• And if you like shopping, go on one trip a month. Everything is cheaper here, but that doesn’t mean you can afford to go out and impulse buy every time you walk past the store.  So dedicate one day where you know you have money to spend and then make it raaaaaaain.

Moving on away from money…

Japanese is hard.  Talking in Japanese is hard.  Unless you make time to go and speak to Japanese people on a day to day basis/have done exchange in Japan before and so you’re used to conversing in it, having Japanese thrown at you 24/7 is confronting.  Just watching anime or dramas all day is not enough, because being able to understand what they’re saying 100% does not equal to being able to respond to what they’re saying 100%.

I mean, I studied for three years before I came here (albeit not really studying as hard as I should have anyway…), and that was just enough for me to have enough vocab to be like ‘Where is ___?’ or ‘One ramen please’.  There are a lot of little phrases that you just don’t learn in class, and for you to pick up conversational every day Japanese, you’ll need to have lived here before.

What I think really helped me with my speaking confidence (which is still close to zero…) was that Kyudai has a tutor system where a local Japanese student is assigned as your tutor and is supposed to be your new best friend slash mother slash personal assistant slash Godsend, and for the first few days I was here my tutor was amazing and took me to all the places around the dorm and took me out to eat, and hearing what she was saying helped me kind of slide into conversing in Japanese.  Additionally, she went to high school in America, so it has been very easy for her to explain things to me so that I know what to do next time I need to deal with it.

Something else that also helped as well was that when I went on my #tokyolo trip, the friend that I was with most of the time did not speak Japanese at all.  Since I somewhat knew what I was doing, I ended up being the main speaker for the entire trip with no one to rely on to help me translate.  Especially because I had just gotten to Japan and was still like ‘What is Japanese can you eat it’, being forced to approach Japanese people to ask for directions, or to order food really made me think of how to communicate, and I think that made my brain transition into ‘YOU CAN JAPANESE’ faster than if I had not gone on the trip.

And in regards to keigo… no one cares.  They know you’re an exchange student the minute you open your mouth, and they don’t expect you to use it at all.  As long as you know enough keigo to understand what store people are saying to you when you buy things, it’s enough.  If you do use it, that’s just bonus brownie points for you, and you may or may not give off the impression that you’re fluent and so they stop speaking any English to you.  So unless your Japanese is actually somewhat fluent, don’t do it.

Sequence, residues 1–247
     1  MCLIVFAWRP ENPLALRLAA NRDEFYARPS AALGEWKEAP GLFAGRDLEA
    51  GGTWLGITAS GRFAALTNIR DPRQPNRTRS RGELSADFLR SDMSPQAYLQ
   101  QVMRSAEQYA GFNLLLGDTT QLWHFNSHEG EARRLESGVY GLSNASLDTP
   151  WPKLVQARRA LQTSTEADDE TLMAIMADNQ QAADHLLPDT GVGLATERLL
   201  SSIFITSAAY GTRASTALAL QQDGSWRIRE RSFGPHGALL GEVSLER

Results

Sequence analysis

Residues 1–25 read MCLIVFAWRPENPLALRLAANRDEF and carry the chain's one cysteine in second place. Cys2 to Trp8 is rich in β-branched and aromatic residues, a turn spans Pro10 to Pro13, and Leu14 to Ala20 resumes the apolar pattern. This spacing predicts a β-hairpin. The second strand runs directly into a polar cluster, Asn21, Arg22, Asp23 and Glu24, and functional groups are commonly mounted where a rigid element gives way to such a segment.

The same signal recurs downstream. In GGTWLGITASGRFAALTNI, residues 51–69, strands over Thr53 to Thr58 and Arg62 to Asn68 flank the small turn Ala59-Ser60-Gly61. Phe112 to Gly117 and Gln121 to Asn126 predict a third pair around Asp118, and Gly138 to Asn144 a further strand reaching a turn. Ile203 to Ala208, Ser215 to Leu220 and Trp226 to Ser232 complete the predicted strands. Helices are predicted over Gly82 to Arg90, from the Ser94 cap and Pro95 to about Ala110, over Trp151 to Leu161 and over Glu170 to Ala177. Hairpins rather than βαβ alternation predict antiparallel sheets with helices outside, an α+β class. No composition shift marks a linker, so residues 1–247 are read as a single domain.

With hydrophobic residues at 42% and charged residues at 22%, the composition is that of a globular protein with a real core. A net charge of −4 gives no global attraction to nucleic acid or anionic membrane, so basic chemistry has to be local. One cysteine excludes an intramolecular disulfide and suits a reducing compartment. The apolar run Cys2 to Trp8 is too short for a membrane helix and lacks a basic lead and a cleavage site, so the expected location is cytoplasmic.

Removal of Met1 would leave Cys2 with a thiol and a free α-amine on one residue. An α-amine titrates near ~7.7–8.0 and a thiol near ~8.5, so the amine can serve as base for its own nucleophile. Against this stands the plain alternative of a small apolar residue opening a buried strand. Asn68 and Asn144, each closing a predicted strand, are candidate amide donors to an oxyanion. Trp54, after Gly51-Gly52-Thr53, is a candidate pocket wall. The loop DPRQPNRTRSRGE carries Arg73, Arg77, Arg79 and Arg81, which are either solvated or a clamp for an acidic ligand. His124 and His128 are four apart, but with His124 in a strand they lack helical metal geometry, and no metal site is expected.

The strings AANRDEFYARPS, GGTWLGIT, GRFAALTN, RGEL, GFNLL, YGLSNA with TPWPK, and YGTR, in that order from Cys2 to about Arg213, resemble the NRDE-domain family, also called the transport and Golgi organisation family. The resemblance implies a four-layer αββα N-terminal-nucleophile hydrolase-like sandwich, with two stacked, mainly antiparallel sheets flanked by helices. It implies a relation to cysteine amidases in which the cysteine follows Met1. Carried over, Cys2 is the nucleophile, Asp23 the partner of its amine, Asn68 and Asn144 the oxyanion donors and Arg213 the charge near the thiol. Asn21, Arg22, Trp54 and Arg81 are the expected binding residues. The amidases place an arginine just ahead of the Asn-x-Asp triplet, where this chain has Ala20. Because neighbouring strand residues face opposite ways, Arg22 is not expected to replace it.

I mean, everyone is really friendly in Japan.  I apparently live in a sort of dangerous area in Fukuoka, but I am still perfectly safe if I go on a snack run by myself to the conbini down the road at 4am in the morning.  The other exchange students want to get to know you, local students may be shy because they can’t really English but they still want to get to know you… put yourself out there, and you’ll definitely make friends.

One friend once told me to ‘never say no’ when I’m on exchange.  If someone invites you to things, don’t say no.  This led me to a bar trivia the second night I was here, a comedy night followed by 飲み放題 (all you can drink) the third night I was here, movie nights with the older students, cooking parties with host mamas, drinks, dancing, karaoke…  You can say no, especially if you have an ICS assignment due soon, but it’s a lot easier to get to know people if you’re around and hanging out all the time.

And it’s fun.  If you think this violates my ‘one big event a week’ thing, it doesn’t, because errbody else be poor as well, especially because a lot of them are older exchange students who have been travelling it up and definitely have less money than you, the freshly arrived student, to spend, so I haven’t really missed out on any big events yet~

I’ve learnt this much in one month… let’s see if I still agree with anything I’ve said here in another month’s time.